…As New Zealand plans to spend billions on hospitals, education***
A senior member of Gaza’s rulers Hamas said on Wednesday that most of the 62 Palestinians killed by Israeli fire during border protests and clashes this week were members of the Islamist group.
Salah Bardawil did not give further details about whether they were members of the group’s armed or political wing, or what they were doing at the time they were killed.
“The latest round (Monday and Tuesday), 62 people were killed,” he told a Palestinian television show.
“Fifty of the martyrs were Hamas and 12 from the people. How can Hamas reap the fruits if it pays such an expensive price?” Questioned about the figures by the presenter, Bardawil said they were “official numbers”.
Hamas spokesman Fawzy Barhoum did not confirm all 50 were members of the Islamist movement.
He told AFP Hamas paid for the funerals for all 50 “whether they are members or supporters of Hamas, or unrelated to the factions.”
Bassem Naim, another senior Hamas official, declined to confirm or deny the number but said it was a “large movement and has great popular support”.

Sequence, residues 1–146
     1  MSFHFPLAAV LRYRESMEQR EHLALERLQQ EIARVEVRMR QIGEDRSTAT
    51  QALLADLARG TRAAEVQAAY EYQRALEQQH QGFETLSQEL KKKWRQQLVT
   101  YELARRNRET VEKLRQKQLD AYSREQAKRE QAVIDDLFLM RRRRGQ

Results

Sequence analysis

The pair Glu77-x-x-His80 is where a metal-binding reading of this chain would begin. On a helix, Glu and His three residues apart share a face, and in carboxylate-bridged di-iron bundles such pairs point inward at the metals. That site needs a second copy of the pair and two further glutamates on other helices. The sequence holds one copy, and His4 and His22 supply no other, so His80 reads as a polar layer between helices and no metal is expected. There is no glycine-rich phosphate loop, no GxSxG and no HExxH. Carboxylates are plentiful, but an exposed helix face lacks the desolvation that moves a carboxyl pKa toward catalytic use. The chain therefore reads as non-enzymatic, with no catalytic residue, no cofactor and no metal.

It was “natural to see members or supporters of Hamas in large numbers” in such a protest, he said, adding that when they were killed they were “participating peacefully” in demonstrations.
Bardawil’s statement was highlighted by the Israeli army, which has long argued that Hamas is seeking to use weeks of border protests as cover to carry out attacks.
Israel says its actions on the border are necessary to stop mass infiltrations from the Gaza Strip.
“Take his word for it. This was no peaceful protest,” Israeli military spokesman Jonathan Conricus said on Twitter.
Palestinians, including Hamas officials, say protesters are being shot while posing no threat to soldiers and there have been international calls for an independent probe into the deaths.
In the meantime, New Zealand’s government plans to spend billions of dollars rebuilding rotting hospitals and improving other infrastructure as the economy continues to grow at a healthy clip.
The liberal government on Thursday announced its first budget plan since winning national elections last year. It has ditched tax cuts planned by the previous conservative government and put more money into health, education, public housing and foreign aid.
The government predicts it will continue to run a small operating surplus. But the big increase in infrastructure spending isn’t fully included in those figures and means the nation will actually add to its debt for at least a few more years.
Still, New Zealand’s debt remains modest compared to that of many developed countries, with net debt equal to about 22 percent of GDP.
Zee with additional report from Abc